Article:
Let's try to dispose of one matter at the outset. I would hope you would reconsider your accusation that "...many of (my) Posts take the form of ad hominem attacks on UJC's CEO, Board Chair, and other top leadership." I understand an ad hominem argument to be one based on personal considerations as opposed to reason. I have written frequently that this small coterie of leaders have so confused their ideas, their programs, their "vision" with those of the federation owners as to interpret any criticism of UJC as a criticism of THEM. I have no personal animus toward this leadership (as opposed to their often strident, venal responses -- calling me a "liar," for example, in lieu of a logical response may be the best/worst example of the ad hominem attack.)

LTO, if all you have concluded from this Blog is that I have solely a desire to return to the halcyon days of yore, then I am a more miserable writer than even you give me discredit for. You know, because you have written that you were close to the merger if not part of it, what the Vision was for UJC; what goals were set forth for this new entity. I won't rewrite them here, they appear often in past Posts, but for these --to increase federation resources and donors and to provide increased resources to the Jewsih Agency and JDC. As a Co-Chair of the original FRD Task Force at the outset of UJC and, then, as a Co-chair of the UJC FRD Study Committee, those who served with me well know that I am a deep believer in not only the vitality and criticality of the Annual Campaign but, with you, an advocate for expanding federation resources through endowment development, attracting the Next Generation, the collaborative Model and beyond. Unlike you, LTO, and the current leadership of UJC, I don't reject any of these "portals of entry" but, instead, embrace them all.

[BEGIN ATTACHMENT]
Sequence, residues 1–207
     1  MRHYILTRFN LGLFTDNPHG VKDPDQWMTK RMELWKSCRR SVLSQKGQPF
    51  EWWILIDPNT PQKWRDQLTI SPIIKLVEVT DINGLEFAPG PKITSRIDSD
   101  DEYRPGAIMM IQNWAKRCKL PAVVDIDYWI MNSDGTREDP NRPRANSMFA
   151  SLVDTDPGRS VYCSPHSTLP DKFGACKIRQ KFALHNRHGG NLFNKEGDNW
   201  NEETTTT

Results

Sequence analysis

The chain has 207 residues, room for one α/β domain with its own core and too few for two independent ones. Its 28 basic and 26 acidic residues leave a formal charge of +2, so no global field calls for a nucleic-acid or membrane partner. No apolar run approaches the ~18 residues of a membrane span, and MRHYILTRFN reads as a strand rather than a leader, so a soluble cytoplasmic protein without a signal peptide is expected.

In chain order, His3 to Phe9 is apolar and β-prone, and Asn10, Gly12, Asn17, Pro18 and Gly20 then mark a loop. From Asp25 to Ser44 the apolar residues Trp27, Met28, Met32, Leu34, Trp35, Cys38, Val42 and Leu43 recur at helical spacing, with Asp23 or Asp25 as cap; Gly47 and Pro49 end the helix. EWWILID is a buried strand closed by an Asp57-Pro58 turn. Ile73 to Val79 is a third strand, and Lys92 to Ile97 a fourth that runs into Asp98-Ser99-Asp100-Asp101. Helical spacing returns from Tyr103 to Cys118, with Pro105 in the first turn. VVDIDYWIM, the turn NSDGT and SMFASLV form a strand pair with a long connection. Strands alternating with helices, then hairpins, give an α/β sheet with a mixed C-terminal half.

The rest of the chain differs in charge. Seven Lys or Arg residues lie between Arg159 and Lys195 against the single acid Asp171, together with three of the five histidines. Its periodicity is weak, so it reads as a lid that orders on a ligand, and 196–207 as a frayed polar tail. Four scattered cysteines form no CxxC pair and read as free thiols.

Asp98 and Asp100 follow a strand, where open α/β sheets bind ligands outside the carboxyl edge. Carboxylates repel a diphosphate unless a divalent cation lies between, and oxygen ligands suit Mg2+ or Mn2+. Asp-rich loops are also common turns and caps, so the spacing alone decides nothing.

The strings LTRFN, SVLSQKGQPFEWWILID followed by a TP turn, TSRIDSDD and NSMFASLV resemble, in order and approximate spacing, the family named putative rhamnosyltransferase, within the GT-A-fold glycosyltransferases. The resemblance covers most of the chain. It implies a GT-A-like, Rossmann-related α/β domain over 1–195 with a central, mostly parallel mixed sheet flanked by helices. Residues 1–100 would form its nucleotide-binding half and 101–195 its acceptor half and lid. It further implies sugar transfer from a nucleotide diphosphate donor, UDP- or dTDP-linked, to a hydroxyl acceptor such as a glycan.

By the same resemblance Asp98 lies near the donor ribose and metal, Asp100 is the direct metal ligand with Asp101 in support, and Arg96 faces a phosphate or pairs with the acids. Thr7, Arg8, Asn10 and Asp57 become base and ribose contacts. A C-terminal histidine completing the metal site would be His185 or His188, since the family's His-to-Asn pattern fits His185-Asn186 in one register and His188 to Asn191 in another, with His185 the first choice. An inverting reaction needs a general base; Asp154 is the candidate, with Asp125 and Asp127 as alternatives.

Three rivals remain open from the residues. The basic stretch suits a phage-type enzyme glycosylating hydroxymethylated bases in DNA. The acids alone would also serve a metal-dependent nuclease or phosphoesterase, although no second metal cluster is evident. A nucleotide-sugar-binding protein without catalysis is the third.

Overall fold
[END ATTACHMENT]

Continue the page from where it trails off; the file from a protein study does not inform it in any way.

All of the hard data evidence...all of the data... that a community can only build its resources on the bedrock of a strong annual campaign. UJC leaders (and you) ignore the data because they don't support their and your pre-formed conclusions. Your conclusion that UJC is dedicating "plenty of resources and staff time" to the bedrock Development would only be true if your definition of "plenty" is "less than half" of what it was and should be.